|Name||John R. Schmidt|
Chicago, Illinois , United States
|| 00, 1941
Aug 29, 2008 10:37am
|Info||For over two decades, John Schmidt’s leadership has had a profound effect on state and national policy. From fighting crime to protecting vulnerable residents to creating jobs, Schmidt has earned a national reputation for his ability to create and manage programs that have made a positive difference in people’s lives. |
Appointed Associate Attorney General of the United States by President Clinton in 1994, Schmidt was charged with implementing the 1994 Crime Bill to fight violent crime across the nation. Also in that post, John:
Created the COPS program, placing thousands of new police officers on the beat throughout the country, including more than 300 Illinois communities.
Led the country’s first coordinated effort against domestic violence.
Enforced the federal clinic access law to protect the right of choice.
Managed the Civil Rights, Environmental and Antitrust divisions of the U.S. Justice Department, leading the implementation of the Motor Voter Law to make voter registration easier and initiating the first federal action against racial profiling.
From 1993 to 1994, Schmidt served at President Clinton’s request as Ambassador and Chief U.S. Negotiator for the historic Geneva world trade talks. There he brought together 118 countries in the farthest-reaching trade agreement ever, opening up new markets across the globe and creating thousands of new jobs in American agriculture, services, and production.
From 1989 to 1994, Schmidt served as Chairman of the Metropolitan Pier and Exposition Authority, where he boosted Illinois’ tourism economy and created thousands of new jobs with the $1 billion expansion of McCormick Place and the $200 million redevelopment of Navy Pier.
Schmidt served as Mayor Richard M. Daley’s transition co-chair in 1989 and was Daley’s Chief of Staff for the first months of the new city administration, when departmental budgets were cut substantially and cellular phones, limousines and other unneeded perks for city bureaucrats were severely restricted. Schmidt also served as transition coordinator in 1980 when Daley was elected Cook County State’s Attorney, and was a member of the State Attorney’s Professional Advisory Committee for eight years.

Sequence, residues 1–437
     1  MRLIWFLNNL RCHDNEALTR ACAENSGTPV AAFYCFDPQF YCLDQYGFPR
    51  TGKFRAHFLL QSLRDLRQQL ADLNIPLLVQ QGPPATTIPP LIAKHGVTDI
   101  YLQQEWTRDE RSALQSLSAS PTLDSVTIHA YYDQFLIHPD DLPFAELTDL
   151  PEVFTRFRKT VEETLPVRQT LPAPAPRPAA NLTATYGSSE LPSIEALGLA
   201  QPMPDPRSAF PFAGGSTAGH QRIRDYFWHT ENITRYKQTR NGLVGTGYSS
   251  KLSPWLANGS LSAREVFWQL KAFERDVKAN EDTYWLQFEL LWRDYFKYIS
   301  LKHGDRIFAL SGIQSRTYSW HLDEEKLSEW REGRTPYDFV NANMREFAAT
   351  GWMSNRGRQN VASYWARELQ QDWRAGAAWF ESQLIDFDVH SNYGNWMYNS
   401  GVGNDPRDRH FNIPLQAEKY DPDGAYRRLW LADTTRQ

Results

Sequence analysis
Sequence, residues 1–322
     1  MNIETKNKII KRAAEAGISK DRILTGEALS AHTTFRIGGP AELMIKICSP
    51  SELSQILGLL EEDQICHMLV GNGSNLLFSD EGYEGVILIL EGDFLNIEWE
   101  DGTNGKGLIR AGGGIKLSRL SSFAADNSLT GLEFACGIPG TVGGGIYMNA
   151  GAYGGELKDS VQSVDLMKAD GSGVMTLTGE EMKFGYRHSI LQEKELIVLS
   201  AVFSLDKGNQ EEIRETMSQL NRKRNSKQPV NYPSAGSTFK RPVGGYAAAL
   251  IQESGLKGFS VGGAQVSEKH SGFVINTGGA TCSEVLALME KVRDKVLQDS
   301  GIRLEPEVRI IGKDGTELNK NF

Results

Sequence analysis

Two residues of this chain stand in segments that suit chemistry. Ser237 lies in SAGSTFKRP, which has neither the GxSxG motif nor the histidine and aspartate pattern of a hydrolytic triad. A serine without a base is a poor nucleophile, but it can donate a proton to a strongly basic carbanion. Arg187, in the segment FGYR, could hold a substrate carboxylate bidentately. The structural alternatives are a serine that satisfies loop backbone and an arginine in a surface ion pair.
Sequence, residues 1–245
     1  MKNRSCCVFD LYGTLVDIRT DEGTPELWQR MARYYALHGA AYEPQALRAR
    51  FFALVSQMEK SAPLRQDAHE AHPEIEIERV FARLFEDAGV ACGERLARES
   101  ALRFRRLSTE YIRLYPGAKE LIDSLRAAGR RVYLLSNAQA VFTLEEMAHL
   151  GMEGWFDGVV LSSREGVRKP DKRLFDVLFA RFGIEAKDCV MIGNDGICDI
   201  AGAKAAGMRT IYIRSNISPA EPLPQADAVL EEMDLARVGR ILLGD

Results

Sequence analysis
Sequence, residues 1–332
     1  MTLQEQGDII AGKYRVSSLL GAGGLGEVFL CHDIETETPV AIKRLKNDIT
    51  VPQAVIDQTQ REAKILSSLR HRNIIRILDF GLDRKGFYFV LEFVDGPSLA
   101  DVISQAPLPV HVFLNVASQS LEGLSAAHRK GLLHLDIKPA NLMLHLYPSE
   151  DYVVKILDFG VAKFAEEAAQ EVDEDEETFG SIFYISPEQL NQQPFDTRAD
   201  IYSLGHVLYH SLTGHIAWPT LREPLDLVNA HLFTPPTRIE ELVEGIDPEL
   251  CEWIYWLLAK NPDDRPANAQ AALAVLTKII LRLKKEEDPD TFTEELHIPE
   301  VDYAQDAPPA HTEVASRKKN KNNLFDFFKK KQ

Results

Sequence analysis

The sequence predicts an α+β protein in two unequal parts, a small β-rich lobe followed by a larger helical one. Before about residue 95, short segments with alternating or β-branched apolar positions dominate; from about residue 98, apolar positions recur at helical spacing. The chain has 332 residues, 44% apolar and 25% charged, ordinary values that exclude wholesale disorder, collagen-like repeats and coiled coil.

Now a partner in the Chicago-based law firm of Mayer, Brown & Platt, Schmidt has been named by the American Lawyer as one of the 27 “All-Stars of the 90’s” of the American bar and by the National Law Journal as on one of the 100 most influential lawyers in America.
A long-time leader in Illinois legal and court reform efforts, he was a founding member of the Chicago Council of Lawyers, a reform bar association, and served as its President from 1974 to 1976. He also served as Co-Chair of Citizens for Court Reform, a coalition of law school deans, bar leaders and other lawyers advocating the adoption in Illinois of a merit appointive system for the selection of judges.
He was a principal architect of the 1979 revision of the Illinois mental health laws described by the Washington Post as “the most important mental health reform in the history of the United States.” He subsequently served from 1980 to 1982 as the first Chairman of the Illinois Guardianship and Advocacy Commission, a new agency providing advocacy services for disabled citizens.
Schmidt’s service to the Democratic Party includes serving as counsel for former Senator Adali Stevenson in recount proceedings before the Illinois Supreme Court following the 1982 Stevenson/Thompson gubernatorial election. He has served as a trustee of the Illinois Institute of Technology and a board member of the IIT-Chicago Kent Law School. In 1997, he served as visiting scholar at the Northwestern University Law School.
Schmidt ran for the Democratic nomination for Governor of Illinois in the March 1998 primary, receiving approximately 25% of the vote. He was endorsed in the Democratic primary by newspapers throughout the state, including the Chicago Tribune, Chicago Sun-Times, Peoria Journal-Star, St. Louis Post Dispatch, Rock Island Argus, and Daily Southtown. One newspaper said Schmidt’s campaign “offered more new ideas than all the other candidates combined.” (Chicago Sun-Times)
Schmidt, 57, grew up in Evanston, where he attended public schools and graduated from Evanston Township High School. He graduated from Harvard College and Harvard Law School. Schmidt lives with his wife Janet and their daughter Laura on Chicago’s north side.